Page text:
Getting a call, email or text from HM Revenue and Customs can always be a worry, especially if you’re in a confusing tax bracket such as self-employed, retired or on benefits. It is that fear and uncertainty that a selection of scammers are preying on to steal thousands of pounds from the vulnerable.

HMRC Gift Card Scam

Hundreds of older and more vulnerable people have been conned out of around a thousand pounds when they’re called, told they owe a large amount of tax, told they’ll be taken to court or even arrested if they don’t pay it, and told to buy gift cards and read out the gift card numbers over the phone to pay off the debt.

It might sound unlikely that HMRC would ask to be paid in Apple iTunes gift cards, but remember that these call makers can be very convincing, induce panic, and older people potentially might not understand where Apple fits in.

HMRC will never call and demand money there and then and will definitely never ask for payment in gift cards.

HMRC Rebate and Refund Scam

A tax refund is always a great bonus, and when you receive an email saying all you need to do is click through and fill in your details to claim your £1271.31, it’s easy enough to take the bait.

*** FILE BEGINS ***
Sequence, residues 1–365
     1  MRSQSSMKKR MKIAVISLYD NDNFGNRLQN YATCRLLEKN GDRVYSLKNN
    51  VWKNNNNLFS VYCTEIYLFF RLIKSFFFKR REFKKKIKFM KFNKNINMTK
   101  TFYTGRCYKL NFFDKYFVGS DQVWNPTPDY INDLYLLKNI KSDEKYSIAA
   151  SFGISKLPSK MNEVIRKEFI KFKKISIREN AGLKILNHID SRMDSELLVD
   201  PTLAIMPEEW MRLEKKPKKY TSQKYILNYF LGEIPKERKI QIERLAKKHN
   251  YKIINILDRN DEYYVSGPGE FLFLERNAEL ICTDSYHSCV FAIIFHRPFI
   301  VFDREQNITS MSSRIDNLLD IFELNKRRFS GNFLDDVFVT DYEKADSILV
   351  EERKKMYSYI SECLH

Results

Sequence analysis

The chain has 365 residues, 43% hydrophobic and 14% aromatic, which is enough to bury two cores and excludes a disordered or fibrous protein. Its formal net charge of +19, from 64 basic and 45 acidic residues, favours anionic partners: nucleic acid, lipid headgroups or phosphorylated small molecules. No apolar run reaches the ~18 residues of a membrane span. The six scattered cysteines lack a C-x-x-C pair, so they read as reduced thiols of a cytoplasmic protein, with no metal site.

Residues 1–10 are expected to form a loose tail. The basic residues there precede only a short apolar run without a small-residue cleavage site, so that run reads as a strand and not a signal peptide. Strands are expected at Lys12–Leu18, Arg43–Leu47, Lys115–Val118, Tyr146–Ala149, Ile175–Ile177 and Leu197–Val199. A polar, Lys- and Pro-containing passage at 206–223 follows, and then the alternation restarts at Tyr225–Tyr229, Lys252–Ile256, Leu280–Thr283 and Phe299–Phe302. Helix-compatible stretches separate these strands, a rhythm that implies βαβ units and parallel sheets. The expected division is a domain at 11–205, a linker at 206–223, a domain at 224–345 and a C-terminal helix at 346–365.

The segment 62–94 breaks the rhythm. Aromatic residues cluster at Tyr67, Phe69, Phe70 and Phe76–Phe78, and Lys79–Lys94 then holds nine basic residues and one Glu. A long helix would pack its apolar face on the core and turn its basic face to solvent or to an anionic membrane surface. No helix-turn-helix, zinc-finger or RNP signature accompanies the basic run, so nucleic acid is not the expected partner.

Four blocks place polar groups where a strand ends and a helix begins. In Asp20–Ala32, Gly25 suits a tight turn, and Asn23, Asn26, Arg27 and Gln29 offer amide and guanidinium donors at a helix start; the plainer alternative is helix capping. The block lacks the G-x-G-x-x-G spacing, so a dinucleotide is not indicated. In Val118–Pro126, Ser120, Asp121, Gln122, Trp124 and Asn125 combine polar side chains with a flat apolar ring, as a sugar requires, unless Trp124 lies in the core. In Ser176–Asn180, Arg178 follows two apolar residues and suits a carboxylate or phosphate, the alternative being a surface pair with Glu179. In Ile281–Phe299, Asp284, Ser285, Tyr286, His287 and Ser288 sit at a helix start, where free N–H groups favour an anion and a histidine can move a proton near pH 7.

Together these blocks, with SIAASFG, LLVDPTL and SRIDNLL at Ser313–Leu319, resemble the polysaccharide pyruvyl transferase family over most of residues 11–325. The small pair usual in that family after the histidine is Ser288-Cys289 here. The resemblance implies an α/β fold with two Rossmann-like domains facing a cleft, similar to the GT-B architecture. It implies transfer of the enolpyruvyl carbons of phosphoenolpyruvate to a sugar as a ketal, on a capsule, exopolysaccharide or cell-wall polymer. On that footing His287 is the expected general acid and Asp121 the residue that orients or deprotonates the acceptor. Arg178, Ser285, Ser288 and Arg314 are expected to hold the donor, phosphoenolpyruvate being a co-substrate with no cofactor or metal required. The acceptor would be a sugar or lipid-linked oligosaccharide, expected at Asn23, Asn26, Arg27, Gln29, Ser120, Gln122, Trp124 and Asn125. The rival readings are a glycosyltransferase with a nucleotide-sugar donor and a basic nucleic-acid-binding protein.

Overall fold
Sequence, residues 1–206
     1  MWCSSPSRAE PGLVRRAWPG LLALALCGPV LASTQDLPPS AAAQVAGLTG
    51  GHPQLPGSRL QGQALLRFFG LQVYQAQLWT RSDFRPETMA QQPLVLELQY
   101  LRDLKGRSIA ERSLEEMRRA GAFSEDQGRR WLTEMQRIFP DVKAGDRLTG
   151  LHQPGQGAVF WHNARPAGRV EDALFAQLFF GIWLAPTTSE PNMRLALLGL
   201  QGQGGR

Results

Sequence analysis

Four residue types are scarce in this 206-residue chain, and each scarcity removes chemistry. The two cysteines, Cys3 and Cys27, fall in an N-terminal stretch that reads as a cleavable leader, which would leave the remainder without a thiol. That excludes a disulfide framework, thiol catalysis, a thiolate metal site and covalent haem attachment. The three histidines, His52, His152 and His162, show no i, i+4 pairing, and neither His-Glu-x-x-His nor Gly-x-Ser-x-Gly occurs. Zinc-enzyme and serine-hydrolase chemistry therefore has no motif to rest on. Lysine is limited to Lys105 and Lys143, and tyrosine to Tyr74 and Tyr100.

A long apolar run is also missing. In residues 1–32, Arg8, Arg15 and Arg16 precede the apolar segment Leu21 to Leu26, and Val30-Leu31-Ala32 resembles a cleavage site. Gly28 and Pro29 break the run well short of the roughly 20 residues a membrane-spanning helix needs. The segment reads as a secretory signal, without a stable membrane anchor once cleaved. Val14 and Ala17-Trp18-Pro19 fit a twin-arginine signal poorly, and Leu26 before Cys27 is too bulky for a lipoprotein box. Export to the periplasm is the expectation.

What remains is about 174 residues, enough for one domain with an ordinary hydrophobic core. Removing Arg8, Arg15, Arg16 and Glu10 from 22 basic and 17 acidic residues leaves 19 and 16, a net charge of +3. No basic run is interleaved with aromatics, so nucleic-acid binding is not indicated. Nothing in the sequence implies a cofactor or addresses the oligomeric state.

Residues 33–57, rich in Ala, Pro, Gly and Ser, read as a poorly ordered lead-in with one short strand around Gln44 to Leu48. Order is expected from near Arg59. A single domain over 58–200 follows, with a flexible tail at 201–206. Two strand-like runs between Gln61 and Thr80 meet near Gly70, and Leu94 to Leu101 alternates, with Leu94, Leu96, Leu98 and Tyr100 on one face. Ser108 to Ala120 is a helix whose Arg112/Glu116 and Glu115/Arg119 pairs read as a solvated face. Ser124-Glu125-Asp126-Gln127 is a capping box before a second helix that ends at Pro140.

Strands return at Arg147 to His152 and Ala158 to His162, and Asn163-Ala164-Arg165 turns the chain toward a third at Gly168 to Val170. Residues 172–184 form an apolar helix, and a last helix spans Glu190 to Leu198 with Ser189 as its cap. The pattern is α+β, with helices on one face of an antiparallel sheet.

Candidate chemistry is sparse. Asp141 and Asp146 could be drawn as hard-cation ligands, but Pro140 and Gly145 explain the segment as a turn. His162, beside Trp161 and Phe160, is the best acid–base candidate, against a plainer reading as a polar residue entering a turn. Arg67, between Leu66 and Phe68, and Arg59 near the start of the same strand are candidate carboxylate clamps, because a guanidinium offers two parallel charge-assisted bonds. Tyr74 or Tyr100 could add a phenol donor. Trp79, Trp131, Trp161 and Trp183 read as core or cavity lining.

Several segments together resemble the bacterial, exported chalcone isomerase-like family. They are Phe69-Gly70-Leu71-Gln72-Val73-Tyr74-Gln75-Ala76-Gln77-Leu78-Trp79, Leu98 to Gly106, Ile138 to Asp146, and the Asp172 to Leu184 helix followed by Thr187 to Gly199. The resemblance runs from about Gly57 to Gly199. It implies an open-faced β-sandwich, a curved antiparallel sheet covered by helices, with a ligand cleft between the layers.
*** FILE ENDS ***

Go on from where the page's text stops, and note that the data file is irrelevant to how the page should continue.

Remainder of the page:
Unfortunately, this can be a phishing scam where fraudsters are collecting your personal data to use for their own means, potentially fraud and identity theft. In 2017-18, HMRC received 771,227 reports of tax refund and rebate scams.

HMRC will never email out of the blue and ask for your bank details, PIN, passwords or memorable data. If you’re genuinely worried you’re missing out on a rebate, call HMRC on the number on the government website. Don’t click through links on unexpected emails and always follow HMRC advice.

HMRC Voicemail Scam

People are called and left a voicemail telling them they owe a big tax bill, they are under investigation, they could be arrested and sometimes people are even told they are under surveillance. They are told that because they’ve been notified, they need to call a special phone number provided, and follow the automated instructions.

The automated instructions include asking for personal and bank details. This person is then vulnerable to identity theft and fraud. By the time they realise this it is often too late.

If you are unsure on the identity of a caller claiming to be from HMRC don’t take their word for it. Call the official number on the government website. If someone is telling you that hanging up will mean a warrant for your arrest will be issued, hang up right away.

What to do if you’re a victim of a HMRC scam

Don’t be embarrassed into silence. You are not alone – a third of all Britons have been the victim of fraud at some point in their lives. Contact Action Fraud and let them know what has happened. In addition to your potentially stopping this scammer, you will get a crime reference number which might go some way to any ways you are trying to get the money back.

In addition, you’ll be able to get some advice on limiting any damage they might have done and prevent any further frauds.